Irish writer-director Maeve Murphy’s debut novella Christmas at the Cross published
Bridge House Publishing has announced the release of debut novella Christmas at the Cross by acclaimed Irish writer-director Maeve Murphy.
Set at Christmas in early 90s, Kings Cross, an abusive relationship leads a young Irish woman, Blathnaid, to hide out in an acquaintance’s flat. A knock on the door which she reluctantly opens, leads to an unexpected friendship with a neighbour/street walker, Nadina. As Blathnaid faces the ups and downs of life at the ‘cross, it all starts to erupt.
Born in Belfast, Maeve Murphy went to Cambridge University where she was a member of Cambridge Footlights and co-founder of the women’s theatre company, Trouble and Strife. She is the writer and director of several acclaimed shorts and three feature films, all of which have been selected for and awarded at several international film festivals, including Cannes where Silent Grace was chosen to represent the UK and the Venice Film Festival, where her short film Sushi won The Sub-ti International/ Venice Days short film award. She won The Independent Spirit Award in Monaco and the Bud Abbot Award for feature-length comedy at the Garden State festival. In 2020 Silent Grace was selected by the Irish Times in their list of the “50 Greatest Irish Films Ever Made.”
Murphy has always wanted to turn her hand to writing a novel, alongside her successful career as a film maker. Her first short story was published by Bridge House Publishing in it’s annual collection and then also published in The Irish Times at Christmas, 2019. During lock down in 2020 when film making was in chaos, she knew she had been thrown a rare opportunity and took it. The second part was again picked up by The Irish Times 2020. The completed novella went on to be selected by Bridge House, set for its 2021 release.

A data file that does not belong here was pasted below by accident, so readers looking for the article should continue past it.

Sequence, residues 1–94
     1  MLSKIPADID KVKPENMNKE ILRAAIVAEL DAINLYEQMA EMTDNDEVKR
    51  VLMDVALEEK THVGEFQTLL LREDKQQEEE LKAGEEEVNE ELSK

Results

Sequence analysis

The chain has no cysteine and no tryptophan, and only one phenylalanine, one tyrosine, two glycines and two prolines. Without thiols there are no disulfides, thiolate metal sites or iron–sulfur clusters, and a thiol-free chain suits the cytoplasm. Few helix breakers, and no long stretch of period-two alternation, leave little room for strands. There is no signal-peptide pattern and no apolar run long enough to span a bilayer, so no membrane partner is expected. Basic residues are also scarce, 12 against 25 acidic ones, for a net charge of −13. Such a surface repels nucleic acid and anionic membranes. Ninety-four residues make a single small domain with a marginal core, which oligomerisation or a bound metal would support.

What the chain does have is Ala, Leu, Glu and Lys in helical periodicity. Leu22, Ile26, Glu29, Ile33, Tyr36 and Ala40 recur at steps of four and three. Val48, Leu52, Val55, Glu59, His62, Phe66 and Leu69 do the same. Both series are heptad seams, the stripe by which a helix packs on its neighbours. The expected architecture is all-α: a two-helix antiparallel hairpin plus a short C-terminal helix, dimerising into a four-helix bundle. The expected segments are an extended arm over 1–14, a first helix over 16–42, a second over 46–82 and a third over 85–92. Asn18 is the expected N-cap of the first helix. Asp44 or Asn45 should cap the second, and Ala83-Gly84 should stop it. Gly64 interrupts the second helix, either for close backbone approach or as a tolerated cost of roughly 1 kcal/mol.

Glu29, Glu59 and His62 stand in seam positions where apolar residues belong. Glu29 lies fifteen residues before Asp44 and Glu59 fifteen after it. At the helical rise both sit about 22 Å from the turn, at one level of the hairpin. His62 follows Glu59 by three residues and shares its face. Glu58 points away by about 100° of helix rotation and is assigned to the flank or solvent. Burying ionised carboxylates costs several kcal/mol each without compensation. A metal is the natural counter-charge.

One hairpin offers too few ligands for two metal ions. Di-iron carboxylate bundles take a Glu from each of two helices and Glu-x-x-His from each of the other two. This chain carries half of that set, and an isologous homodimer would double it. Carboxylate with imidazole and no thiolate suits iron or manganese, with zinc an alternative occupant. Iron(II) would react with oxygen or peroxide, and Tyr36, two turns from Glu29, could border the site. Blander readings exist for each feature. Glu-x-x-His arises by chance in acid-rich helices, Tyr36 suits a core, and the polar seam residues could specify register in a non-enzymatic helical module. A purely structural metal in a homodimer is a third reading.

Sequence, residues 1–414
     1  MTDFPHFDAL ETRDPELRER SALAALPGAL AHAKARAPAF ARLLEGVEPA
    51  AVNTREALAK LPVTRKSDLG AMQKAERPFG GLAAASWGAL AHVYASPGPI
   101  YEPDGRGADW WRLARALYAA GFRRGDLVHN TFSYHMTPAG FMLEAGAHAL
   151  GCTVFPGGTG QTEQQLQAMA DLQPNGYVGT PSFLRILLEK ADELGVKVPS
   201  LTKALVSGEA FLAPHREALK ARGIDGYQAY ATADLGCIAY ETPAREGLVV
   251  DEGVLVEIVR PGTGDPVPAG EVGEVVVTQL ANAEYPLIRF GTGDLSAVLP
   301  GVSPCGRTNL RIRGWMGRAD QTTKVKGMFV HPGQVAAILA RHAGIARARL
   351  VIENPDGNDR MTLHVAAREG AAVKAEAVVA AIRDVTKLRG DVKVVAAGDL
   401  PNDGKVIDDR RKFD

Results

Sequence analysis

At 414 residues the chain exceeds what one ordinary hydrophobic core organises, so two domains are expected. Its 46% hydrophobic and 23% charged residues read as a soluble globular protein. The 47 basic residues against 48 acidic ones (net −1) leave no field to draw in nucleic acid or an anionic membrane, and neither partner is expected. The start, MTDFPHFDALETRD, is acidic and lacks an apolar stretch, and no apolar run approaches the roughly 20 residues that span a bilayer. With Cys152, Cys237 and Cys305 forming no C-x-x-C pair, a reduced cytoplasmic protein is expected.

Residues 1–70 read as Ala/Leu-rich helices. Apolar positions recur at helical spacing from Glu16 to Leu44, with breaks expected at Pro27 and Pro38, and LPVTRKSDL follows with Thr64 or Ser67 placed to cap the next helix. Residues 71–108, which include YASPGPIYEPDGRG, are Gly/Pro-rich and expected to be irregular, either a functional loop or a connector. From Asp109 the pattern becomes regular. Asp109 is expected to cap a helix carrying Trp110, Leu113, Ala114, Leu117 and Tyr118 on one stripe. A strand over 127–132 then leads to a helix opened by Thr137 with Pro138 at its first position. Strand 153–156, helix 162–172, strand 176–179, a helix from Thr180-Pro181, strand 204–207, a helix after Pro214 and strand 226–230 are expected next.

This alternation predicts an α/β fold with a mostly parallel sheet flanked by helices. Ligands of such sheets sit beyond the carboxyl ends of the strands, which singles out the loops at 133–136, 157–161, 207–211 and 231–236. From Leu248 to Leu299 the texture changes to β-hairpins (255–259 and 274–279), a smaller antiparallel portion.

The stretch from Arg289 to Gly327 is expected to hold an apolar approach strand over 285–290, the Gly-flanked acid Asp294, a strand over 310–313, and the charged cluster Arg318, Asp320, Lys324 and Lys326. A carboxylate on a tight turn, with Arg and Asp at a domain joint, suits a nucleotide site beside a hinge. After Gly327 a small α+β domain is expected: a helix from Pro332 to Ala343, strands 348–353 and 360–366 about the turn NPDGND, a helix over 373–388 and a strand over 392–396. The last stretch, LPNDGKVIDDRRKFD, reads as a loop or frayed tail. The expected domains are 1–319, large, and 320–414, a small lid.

While her novella is a work of fiction, it is inspired by real life in Kings Cross. As a young woman, at a crucial crossroads herself, wanting to be an artist but yet to be established, Maeve lived where the story is set. Inspiration came from the people she met, the things she heard and saw; and what she was told. Many there were young women, in tough circumstances, who didn’t have a voice, or were under the radar. Maeve was also inspired by the powerful true story of the 1982 Church occupation in Kings Cross by local sex workers against increasing police brutality and harassment – which was successful. While it sounds like a contradiction, as the area was notorious as a red-light district, and dangerous as a centre of drug crime, Maeve says the feeling of friendship between young women and people in the community, maybe because of the real challenges, was pronounced, distinct and unique. The Hill View Estate, with its short-term housing lets was an edgy inner-city oasis.